\documentclass[twocolumn, 11pt]{article}
\sloppy
% I like this font family better than the default
\usepackage{mathpazo}
% makes clickable, colored links
\usepackage[colorlinks = true,
linkcolor = blue,
urlcolor = blue,
citecolor = teal]{hyperref}
% fancy header, makes it easy to customize headers
\usepackage{fancyhdr}
\lhead{\LaTeX{} Intro}
\rhead{Homberger}
\cfoot{\thepage}
\pagestyle{fancy}
% adds in extra math symbols and environments
\usepackage{amsmath, amssymb}
% allows 'theorem-like' environments
\usepackage{amsthm}
\newtheorem{defn}{Definition}
\newtheorem{thm}{Theorem}
% lets you draw in tex
\usepackage{tikz}
\usetikzlibrary{decorations, trees}
\usepackage{pgfplots}
\newcommand{\tbs}{\textbackslash}
\begin{document}
\title{A Brief Introduction to \LaTeX{}}
\author{
Cheyne Homberger\footnote{Supported by GMA and I-Cubed}\\
University of Florida
}
\date{\today}
\maketitle
\begin{abstract}
In this paper, we try to give a brief overview of the capabilities of
\LaTeX{}.
\end{abstract}
\tableofcontents
% \listoffigures
\section{Introduction}
\LaTeX{} is a computer program for typesetting documents, created by D. E. Knuth.
\section{Creating Graphics}
\subsection{Plotting Functions}
There are many packages available for \emph{creating} graphics, including TikZ, xypic, and pstricks.
You should probably just pick one and stick with it. Tikz is the most capable,
and has extensive examples online to help you learn.
\begin{figure}[ht] \label{tikzexample}
\centering
\begin{tikzpicture}
\draw[->] (0,0) -- (0,5);
\draw[->] (0,0) -- (5,0);
\draw (1,0) -- (1,.25);
\draw (2,0) -- (2,.25);
\draw (3,0) -- (3,.25);
\draw (4,0) -- (4,.25);
\draw (0,1) -- (.25, 1);
\draw (0,2) -- (.25, 2);
\draw (0,3) -- (.25, 3);
\draw (0,4) -- (.25, 4);
\draw[color = blue, very thick] (0,0) -- (1,3) -- (2,1) -- (3,1) -- (4,4);
\end{tikzpicture}
\caption{A Simple Tikz Drawing}
\end{figure}
Tikz is also a scripting language, allowing you to use loops to simplify repetitive tasks.
If you include the package \texttt{pgfplots}, Tikz allows you to graph functions, as we saw in figure \ref{functiongraph} on page \pageref{functiongraph}.
\begin{figure}[ht] \label{functiongraph}
\centering
\begin{tikzpicture}[scale = .8]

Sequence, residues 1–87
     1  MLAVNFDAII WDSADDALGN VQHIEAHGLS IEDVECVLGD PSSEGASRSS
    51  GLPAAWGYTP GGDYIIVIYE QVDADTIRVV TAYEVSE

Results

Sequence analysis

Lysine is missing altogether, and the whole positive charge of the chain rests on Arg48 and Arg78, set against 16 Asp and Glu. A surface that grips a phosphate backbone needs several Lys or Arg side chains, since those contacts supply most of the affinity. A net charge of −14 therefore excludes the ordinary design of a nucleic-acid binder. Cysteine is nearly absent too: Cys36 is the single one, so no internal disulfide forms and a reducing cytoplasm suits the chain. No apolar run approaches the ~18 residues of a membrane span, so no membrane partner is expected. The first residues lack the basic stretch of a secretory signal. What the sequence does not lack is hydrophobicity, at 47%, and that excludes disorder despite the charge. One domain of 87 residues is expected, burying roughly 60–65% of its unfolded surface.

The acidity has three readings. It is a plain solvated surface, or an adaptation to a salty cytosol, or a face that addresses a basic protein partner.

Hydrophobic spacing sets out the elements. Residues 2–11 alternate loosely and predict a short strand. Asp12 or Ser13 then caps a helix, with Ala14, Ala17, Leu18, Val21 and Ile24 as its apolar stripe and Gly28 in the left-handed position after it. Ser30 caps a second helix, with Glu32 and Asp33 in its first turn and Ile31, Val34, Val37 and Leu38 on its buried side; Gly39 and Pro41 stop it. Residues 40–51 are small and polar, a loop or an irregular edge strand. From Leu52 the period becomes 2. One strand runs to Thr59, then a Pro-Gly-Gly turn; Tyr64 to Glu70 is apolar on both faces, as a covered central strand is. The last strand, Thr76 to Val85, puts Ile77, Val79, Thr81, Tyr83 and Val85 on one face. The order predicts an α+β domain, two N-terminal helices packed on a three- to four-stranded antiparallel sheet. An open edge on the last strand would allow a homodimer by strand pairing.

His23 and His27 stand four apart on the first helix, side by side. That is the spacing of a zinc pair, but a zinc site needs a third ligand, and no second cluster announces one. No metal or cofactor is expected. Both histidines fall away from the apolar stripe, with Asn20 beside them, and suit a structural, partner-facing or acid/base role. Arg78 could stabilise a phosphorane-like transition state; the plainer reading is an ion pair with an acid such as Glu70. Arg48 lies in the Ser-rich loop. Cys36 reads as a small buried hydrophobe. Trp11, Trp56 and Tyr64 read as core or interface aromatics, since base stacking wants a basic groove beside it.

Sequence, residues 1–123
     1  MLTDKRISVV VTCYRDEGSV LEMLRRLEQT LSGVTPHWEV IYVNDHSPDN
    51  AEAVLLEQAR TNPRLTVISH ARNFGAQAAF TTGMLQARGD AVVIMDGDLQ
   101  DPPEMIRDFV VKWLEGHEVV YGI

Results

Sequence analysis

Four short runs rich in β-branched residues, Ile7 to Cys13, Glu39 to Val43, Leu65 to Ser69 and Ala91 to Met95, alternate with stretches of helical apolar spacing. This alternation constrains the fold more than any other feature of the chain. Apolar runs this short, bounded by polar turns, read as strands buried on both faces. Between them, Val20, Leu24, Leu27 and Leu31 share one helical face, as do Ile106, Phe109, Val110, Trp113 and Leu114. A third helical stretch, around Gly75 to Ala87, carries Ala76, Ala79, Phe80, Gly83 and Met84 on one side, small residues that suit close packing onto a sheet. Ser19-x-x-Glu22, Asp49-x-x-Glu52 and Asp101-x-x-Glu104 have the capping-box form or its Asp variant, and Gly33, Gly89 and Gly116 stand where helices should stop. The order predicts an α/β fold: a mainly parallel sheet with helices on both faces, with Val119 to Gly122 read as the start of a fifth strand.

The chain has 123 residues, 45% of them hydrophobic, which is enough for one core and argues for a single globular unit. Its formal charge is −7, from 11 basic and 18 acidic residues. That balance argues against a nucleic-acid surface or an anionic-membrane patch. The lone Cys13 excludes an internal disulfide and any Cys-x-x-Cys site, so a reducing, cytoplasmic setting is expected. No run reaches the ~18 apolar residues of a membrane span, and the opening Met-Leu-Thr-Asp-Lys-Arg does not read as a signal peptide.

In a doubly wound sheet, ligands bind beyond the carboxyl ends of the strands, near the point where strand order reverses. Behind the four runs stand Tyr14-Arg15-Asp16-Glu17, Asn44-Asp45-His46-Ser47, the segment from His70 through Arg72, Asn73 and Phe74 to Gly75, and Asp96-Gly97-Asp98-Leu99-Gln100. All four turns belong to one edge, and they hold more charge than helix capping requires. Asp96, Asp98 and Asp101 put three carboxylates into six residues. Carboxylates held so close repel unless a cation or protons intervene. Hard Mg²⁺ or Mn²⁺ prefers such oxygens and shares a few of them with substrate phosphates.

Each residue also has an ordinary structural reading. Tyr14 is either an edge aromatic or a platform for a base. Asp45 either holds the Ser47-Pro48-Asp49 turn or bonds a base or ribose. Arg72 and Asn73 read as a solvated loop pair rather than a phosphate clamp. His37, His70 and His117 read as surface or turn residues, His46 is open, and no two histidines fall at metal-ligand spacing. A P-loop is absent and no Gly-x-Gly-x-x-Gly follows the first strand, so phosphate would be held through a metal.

\begin{axis}[ xlabel=$x$, ylabel={$f(x) = x^2 -x + 4$} ]
\addplot{x^2 - x + 4};
\end{axis}
\end{tikzpicture}
\caption{A graph with PGFplots}
\end{figure}
PGFplots allows 3d surfaces as well.
\begin{figure}[ht]
\centering
\begin{tikzpicture}
\begin{axis}[grid = both]
\addplot3[mesh,domain=-2:2] {exp(-x^2-y^2)};
\end{axis}
\end{tikzpicture}
\caption{3d mesh plot of $z = e^{-x^2 - y^2}$}
\end{figure}
More complicated diagrams and figures can be drawn, and there is a huge database\footnote{\url{http://texample.net/tikz/examples/}} of examples online.
\subsection{More Interesting Drawings}
Tikz supports a \emph{wide} range of images. The easiest way to draw a complicated drawing is usually to separate it into `nodes'. Nodes can be given a wide variety of attributes, including shapes, labels, colors, etc. Figure \ref{simpletree} on page \pageref{simpletree} shows a simple example.
\begin{figure}[ht] \label{simpletree}
\centering
\begin{tikzpicture}[scale=.8, every node/.style={}]
\node[circle, fill = blue!20] (top) at (0,4) {$e$};
\node (mid1) at (-2,2) {$a$};
\node (mid2) at (2,2) {$b$};
\node (bot1) at (-3,0) {$a^2$};
\node (bot2) at (-1,0) {$ab$};
\node (bot3) at (1,0) {$ba$};
\node (bot4) at (3,0) {$b^2$};
\draw (top) -- (mid1);
\draw (top) -- (mid2);
\draw (mid1) -- (bot1);
\draw (mid1) -- (bot2);
\draw (mid2) -- (bot3);
\draw (mid2) -- (bot4);
% \draw[thick, color=blue, ->] (top) -- (mid1) -- (bot2) -- (bot3) -- (mid2);
\end{tikzpicture}
\caption{A simple tree}
\end{figure}
Figure \ref{colortree} on page \pageref{colortree} shows a much more complicated example (stolen from Till Tantau\footnote{\url{http://www.ctan.org/author/tantau}})
\begin{figure}[ht] \label{colortree}
\centering
\begin{tikzpicture}[grow cyclic,shape=circle,very thick,level distance=13mm,
cap=round, scale=.8]
\tikzstyle{level 1}=[sibling angle=120]
\tikzstyle{level 2}=[sibling angle=60]
\tikzstyle{level 3}=[sibling angle=30]
\tikzstyle{every node}=[fill]
\tikzstyle{edge from parent}=[decorate, decoration={snake,expanding waves},segment length=1mm, segment angle=10,draw]
\node {} child [color=\A] foreach \A in {red,green,blue}
{ node {} child [color=\A!50!\B] foreach \B in {red,green,blue}
{ node {} child [color=\A!50!\B!50!\C] foreach \C in {black,gray,white}
{ node {} }
}
};
\end{tikzpicture}
\caption{A nice tree drawn with Tikz}
\end{figure}
\subsection{Using Other Software}